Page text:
HTC Sensation XL review

What Mobile
February 2, 2012

HTC’s design language is pretty distinctive. The company has said it would like you to know it’s an HTC even if the label fell off. The Sensation XL is the latest handset in the Sensation series, and the second to feature the Beats Audio logo on the back. HTC now part-owns Beats and is making the most of this connection by installing audio improvement features on selected handsets. The Sensation XL looks like a smaller version of the HTC Flyer tablet – though not much smaller. The Flyer has a 7in screen and this phone has a 4.7in display, identical to that on the HTC Titan, a Windows Phone handset. Although both are huge phones, the styling makes them seem more manageable, thanks to a display
that takes up most of the front and the slim profile of the handset.

Like the Flyer, the Sensation XL has a white front and aluminium back. The aluminium looks and feels great, though it’s tough to get signals through metal, so the bottom fifth of the back has a white plastic panel.
Overall, the styling is attractive and appealing, with a slight bulge where the 8-megapixel camera lens sits near the top of the phone’s rear casing.  The display looks good when playing video, whether it’s high-definition stuff you’ve recorded on the phone’s camcorder, or movies downloaded from HTC Watch, the company’s proprietary film and TV show store. The screen isn’t nearly as high-resolution as some available however: it’s 480 x 800 pixels while the iPhone 4S features 640 x 960 pixels and its screen is only 3.5in in diameter. The new Samsung Galaxy Nexus has an even higher resolution and the screen is still smaller than this one, though only just.
So the display could have been better, but most of the time you won’t mind. Unless you have a super-high resolution model next to you, the Sensation XL’s screen looks good. On the plus side, viewing angles are good on this handset so if two of you are enjoying some YouTube action, for instance, you’ll both easily be able to see.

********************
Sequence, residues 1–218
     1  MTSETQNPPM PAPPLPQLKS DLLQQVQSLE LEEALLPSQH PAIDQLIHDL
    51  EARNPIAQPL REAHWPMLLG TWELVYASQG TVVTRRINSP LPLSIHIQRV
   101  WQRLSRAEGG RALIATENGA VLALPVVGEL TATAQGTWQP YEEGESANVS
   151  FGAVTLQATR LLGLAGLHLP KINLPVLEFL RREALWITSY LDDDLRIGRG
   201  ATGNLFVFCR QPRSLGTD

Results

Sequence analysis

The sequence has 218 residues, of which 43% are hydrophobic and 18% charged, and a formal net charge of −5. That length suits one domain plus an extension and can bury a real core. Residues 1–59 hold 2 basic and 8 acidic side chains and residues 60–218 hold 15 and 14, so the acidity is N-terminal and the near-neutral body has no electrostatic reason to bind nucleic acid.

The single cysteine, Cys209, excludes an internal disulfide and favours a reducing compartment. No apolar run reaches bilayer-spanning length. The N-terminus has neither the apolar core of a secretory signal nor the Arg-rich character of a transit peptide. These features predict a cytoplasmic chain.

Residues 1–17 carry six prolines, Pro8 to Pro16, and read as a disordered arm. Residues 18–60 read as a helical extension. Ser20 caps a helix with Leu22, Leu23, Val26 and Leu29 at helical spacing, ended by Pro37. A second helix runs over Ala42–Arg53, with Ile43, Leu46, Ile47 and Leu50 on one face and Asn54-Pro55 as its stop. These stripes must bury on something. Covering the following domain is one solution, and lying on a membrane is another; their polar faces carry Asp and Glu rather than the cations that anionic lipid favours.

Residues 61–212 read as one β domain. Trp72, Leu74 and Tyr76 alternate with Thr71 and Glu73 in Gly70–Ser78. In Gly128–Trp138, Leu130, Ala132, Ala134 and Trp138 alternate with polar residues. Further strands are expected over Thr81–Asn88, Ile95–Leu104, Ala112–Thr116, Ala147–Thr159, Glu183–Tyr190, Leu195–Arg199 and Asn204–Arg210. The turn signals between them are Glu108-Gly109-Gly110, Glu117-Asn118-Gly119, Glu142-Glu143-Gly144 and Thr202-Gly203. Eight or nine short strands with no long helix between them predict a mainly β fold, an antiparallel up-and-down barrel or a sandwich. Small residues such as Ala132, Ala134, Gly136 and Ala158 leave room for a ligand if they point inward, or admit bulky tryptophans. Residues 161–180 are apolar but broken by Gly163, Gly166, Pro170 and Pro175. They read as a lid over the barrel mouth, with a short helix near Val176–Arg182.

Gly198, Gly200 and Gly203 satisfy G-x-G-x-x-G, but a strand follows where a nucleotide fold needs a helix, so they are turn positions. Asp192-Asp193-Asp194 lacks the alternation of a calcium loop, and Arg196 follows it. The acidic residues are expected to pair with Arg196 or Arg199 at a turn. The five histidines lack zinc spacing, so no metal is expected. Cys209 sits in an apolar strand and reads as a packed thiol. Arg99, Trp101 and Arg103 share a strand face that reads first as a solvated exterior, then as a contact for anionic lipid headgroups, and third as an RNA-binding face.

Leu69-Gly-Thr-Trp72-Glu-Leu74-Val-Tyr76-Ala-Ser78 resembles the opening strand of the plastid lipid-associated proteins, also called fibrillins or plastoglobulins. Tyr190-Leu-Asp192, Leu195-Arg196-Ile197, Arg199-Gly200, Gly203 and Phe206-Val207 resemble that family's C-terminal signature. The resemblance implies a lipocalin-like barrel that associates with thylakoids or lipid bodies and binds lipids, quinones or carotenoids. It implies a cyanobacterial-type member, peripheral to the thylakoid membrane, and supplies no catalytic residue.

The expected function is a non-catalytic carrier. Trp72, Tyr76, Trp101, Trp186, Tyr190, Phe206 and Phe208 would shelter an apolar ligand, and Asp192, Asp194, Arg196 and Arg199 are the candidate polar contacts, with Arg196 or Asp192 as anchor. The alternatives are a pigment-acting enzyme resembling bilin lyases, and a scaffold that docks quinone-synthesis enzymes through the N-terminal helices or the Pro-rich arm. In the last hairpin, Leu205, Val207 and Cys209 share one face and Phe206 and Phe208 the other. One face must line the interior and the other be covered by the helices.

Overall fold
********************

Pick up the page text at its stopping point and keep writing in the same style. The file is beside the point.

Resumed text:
As always with an Android handset, you need to know whether this is a plain version of the software or enhanced by the phone manufacturer. HTC has the keenest skills when it comes to improving Android and this is a sophisticated tweak, using edition 3.5 of the company’s HTC Sense software.  It looks great, with classy 3D-like effects on the carousel of home pages. There are the usual HTC specialities such as a mapping app which allows you to download maps ahead of time, to use the phone for navigation abroad, without requiring a data connection. There’s a notes program so you can scribble on the screen to save your writing, recording the audio track of a meeting as you do so. There’s an improved People app with social networking smarts. And there’s HTC’s signature weather app which covers the home screen with clouds, sunshine or raindrops.
There are lots of other graphical improvements over regular Android, from cuter icons to slicker navigation tricks too.

The Beats software won’t be one of those, though. It works that when you plug in headphones (any headphones but the effect is strongest with Beats in-ear ones supplied). Start playing music on the phone, or video, and the Beats logo is visible and lit at the top of the screen. You can turn it off but in comparison, the sound is muffled and dull instead of strong, rich and powerful. The audio effects set this phone apart – only the Sensation XE with its smaller display also has Beats Audio built in, though more will follow. Other elements are good, like the 8-megapixel camera with its twin flash LEDs. Image quality is great, both for stills and video, though the HD quality is capped at 720p. Effects are plentiful and the camera manual control levels are good, much better than on the iPhone, for instance. There are some disappointments, however. Not least the absence of a memory card slot which means that when you’ve filled the 16GB of storage with video and audio, you can’t add more. And the processor, though not slow, sometimes feels less than nippy. Overall, if you don’t mind the size of the handset, it’s a hugely appealing music phone.


It’s big, beautiful and the HTC Sensation XL sounds as good as it looks thanks to the Beats Audio enhancements. The limited storage for your tracks is disappointing but this is an undeniably cool phone.

Performance: 3/5

Features: 5/5

Usability: 4/5

What Mobile Test Verdict: 4/5

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